The film is meant to get every Indian to see it. But it has received mostly poor reviews. People are calling friends and begging them not to watch the film.
    Just days after its release, on a public holiday, the halls were not packed. Regular Hindi film fans complain that the film is silly. But then, a typical hit Hindi film is not “Citizen Kane.” Far from it.
    Even those who are disappointed with the film do not deny that the visual effects are surprisingly good. So what is wrong with “Ra.One”?
    Could it just be that the fundamental character of Hindi film and of its huge audience is such that it dooms a Hindi sci-fi from the very start? Would there ever be a mainstream sci-fi film genre in India? That has been Mr. Khan’s belief for several years.
    He is a clever and informed man. People around him usually behave as if he were the only person in the room who reads newspapers. As an actor and a film producer, he has more than a passing interest in visual effects.
    “The first thing I learned about special effects is that they are actually called visual effects,” he told me about five years ago when I interviewed him soon after he had created a visual effects company. He was already using sophisticated technology in his films then.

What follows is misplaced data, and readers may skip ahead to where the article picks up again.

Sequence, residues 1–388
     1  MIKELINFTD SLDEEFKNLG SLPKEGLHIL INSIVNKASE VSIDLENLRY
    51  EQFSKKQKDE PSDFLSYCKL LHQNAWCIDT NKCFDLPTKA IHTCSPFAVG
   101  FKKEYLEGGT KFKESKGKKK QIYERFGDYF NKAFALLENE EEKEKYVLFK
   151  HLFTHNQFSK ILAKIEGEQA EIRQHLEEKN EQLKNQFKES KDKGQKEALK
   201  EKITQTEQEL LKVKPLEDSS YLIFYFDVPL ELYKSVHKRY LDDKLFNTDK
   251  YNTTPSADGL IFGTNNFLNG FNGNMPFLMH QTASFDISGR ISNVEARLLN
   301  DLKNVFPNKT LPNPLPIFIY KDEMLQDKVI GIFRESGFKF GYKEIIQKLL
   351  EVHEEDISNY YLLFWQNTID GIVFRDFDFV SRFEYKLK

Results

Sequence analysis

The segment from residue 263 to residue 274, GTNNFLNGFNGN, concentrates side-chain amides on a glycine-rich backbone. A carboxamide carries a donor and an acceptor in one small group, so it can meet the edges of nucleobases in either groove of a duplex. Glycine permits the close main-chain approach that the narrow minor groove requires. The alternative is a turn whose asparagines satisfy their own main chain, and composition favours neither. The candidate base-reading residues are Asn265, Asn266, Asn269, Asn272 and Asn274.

Mr. Khan spends hours playing video games with his son, and for years the boy has been pushing his star father to make a sci-fi film. Mr. Khan told me five years ago that he had no choice but to make such a film. “Ra.One” was inevitable. Considering its objectives, it is an efficient film. But there are simple reasons it was ill-fated.
    Hindi cinema has survived the cultural conquest of Hollywood in India because Hollywood cannot make Hindi films. But a sci-fi film, even if it is a Hindi sci-fi, is pitted directly against the Hollywood experience, and this is a vastly unequal battle. The economics of a major Hollywood film, which has a global market, supports a budget of a few hundred million dollars. “Ra.One,” whose billing as the most expensive Hindi film ever made is believable on screen, cost 1.35 billion rupees, or $27 million, according to Mr. Khan, which is laughably modest by Hollywood standards. So even though the effects in “Ra.One” are good, Indians have seen far better.
    There are sci-fi films that have become extraordinary hits across all age groups, genders and psychiatric states — the Matrix trilogy, for example. But usually, sci-fi, like country music or any other genre, need not be appreciated by all to be a success. A genre survives because of the indestructible affection of its core base of followers.
    They forgive moments of mediocrity in a work as long as its creator has respected the basic principles of the genre.